Luther Blissett was forced to dash across from Milan, via London to pick up an old pair of boots from his parents' house - his boots were locked away in AC Milan's training ground - and Gary Lineker received his first call-up, although he admitted that he had to ask where the match was being played: "I knew that England were playing Wales, but I wasn't sure where."
England's inexperience made them particularly vulnerable. The back four only had 14 caps between them, with the midfield trio of David Armstrong, Sammy Lee and John Gregory sharing 19 caps, and Paul Walsh up front playing just his fifth international.
Southampton's Mark Wright made his debut, as would Terry Fenwick (as a substitute), and both would go on to win 45 and 20 caps respectively, yet such was the makeshift feel to the team, and the fall out from the subsequent defeat, that Alan Kennedy, Gregory, Walsh, and Armstrong never played again for England, and Lee would only feature once more.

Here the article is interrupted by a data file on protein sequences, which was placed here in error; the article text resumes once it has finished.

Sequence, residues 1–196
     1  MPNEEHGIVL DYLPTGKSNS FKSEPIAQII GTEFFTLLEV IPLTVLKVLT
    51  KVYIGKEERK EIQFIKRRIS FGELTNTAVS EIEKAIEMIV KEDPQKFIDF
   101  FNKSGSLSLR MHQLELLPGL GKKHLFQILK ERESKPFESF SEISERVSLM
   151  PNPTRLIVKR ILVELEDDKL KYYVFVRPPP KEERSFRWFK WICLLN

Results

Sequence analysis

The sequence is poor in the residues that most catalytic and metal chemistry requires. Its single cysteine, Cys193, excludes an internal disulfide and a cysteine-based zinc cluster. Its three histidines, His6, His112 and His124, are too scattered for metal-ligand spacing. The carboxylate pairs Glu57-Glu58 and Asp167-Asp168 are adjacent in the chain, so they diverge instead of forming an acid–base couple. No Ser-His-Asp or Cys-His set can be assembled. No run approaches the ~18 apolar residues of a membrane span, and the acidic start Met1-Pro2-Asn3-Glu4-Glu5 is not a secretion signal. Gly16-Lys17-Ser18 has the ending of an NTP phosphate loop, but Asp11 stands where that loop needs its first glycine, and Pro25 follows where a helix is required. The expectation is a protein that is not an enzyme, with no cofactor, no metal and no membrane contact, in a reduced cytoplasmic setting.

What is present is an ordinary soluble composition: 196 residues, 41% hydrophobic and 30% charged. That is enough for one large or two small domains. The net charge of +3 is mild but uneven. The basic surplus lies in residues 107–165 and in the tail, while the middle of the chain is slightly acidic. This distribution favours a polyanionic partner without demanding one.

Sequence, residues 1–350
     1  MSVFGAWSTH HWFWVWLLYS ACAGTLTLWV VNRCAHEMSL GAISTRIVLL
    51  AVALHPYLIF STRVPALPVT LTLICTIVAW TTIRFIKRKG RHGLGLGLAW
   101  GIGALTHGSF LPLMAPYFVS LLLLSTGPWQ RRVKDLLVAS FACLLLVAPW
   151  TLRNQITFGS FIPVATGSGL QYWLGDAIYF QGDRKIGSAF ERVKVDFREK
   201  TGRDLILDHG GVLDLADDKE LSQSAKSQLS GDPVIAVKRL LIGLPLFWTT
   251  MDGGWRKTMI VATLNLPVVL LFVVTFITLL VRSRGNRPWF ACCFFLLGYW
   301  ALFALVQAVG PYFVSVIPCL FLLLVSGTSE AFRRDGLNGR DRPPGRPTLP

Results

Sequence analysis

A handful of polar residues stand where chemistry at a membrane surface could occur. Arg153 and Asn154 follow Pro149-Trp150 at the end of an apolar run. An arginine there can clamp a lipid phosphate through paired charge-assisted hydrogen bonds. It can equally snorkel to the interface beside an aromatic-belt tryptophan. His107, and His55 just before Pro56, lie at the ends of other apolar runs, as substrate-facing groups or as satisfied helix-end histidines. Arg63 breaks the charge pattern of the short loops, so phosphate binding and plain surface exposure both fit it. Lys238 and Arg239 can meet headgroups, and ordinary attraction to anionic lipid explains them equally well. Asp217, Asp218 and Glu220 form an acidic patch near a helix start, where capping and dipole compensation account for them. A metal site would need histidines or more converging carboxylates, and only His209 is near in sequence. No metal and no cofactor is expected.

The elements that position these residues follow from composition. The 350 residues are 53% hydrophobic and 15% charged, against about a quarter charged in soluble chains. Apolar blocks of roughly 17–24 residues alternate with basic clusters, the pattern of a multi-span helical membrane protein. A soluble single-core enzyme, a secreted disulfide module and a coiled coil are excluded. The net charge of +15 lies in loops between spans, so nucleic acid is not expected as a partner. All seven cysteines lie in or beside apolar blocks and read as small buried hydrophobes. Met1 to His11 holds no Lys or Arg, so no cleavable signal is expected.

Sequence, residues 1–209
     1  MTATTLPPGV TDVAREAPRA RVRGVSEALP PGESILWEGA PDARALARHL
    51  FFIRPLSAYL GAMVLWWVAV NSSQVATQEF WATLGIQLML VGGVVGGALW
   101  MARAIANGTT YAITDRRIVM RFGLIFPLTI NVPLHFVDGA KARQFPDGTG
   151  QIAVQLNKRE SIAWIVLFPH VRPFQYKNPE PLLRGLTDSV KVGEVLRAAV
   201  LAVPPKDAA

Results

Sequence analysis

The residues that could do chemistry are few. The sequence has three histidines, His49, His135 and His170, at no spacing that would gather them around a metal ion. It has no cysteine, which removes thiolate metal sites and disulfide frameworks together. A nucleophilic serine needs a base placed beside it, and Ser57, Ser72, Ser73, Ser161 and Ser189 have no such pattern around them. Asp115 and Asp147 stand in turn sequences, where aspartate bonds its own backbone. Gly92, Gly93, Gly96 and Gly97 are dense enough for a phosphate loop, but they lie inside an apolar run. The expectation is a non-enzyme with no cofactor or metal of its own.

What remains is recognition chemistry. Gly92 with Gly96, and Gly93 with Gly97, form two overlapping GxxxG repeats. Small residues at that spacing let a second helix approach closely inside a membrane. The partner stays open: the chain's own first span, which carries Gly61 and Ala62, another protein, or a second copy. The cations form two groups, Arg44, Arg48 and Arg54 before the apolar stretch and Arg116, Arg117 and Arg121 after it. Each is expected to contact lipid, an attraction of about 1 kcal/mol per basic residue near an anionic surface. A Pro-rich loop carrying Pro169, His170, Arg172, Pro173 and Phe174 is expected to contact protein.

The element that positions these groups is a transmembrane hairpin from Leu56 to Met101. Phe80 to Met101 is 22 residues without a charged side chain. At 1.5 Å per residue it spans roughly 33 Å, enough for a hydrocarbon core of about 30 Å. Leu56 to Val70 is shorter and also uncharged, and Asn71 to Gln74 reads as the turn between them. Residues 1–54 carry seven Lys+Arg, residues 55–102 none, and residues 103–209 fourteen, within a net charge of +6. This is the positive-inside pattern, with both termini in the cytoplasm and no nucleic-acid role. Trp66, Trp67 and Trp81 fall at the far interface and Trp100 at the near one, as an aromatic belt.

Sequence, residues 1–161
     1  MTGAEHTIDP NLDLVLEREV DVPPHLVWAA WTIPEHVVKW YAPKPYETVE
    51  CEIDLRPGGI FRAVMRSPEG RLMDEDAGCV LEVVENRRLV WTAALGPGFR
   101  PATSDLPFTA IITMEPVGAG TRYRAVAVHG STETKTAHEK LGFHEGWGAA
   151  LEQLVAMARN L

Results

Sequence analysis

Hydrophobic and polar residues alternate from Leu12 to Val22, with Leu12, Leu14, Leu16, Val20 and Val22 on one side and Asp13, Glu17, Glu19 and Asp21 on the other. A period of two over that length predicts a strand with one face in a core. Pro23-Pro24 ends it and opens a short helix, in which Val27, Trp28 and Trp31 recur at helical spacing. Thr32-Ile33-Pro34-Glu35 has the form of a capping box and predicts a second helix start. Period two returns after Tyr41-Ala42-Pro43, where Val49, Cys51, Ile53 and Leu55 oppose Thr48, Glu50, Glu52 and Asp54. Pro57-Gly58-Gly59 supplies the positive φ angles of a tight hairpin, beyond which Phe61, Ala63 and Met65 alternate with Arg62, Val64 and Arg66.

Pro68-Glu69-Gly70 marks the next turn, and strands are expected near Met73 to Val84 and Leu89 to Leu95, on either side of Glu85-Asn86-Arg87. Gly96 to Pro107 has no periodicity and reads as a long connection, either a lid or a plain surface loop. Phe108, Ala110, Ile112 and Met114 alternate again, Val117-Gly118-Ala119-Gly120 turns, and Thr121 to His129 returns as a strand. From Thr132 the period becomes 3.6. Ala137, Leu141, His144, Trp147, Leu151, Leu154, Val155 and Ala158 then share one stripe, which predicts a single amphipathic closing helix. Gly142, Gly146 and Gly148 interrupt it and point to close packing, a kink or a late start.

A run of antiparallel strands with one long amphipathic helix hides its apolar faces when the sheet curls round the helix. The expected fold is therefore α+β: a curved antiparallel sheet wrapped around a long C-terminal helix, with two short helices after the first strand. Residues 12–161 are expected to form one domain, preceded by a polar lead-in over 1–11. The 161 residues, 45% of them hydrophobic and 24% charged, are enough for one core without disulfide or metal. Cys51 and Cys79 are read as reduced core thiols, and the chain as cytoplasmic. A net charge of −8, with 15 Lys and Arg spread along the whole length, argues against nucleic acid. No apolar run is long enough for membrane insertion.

The players did their best to give the impression that they had not played together very much before, with the press not slow in slamming the state of the team. "English international football touched a new low last night," wrote the Daily Mirror's Frank McGhee. "They have never looked worse than they did in this defeat by Wales at Wrexham." A debatable point perhaps, and since then future England teams have tried admirably to add possible entries to that particular competition, yet McGhee probably felt his comments were fully justified after the dismal display in Wrexham.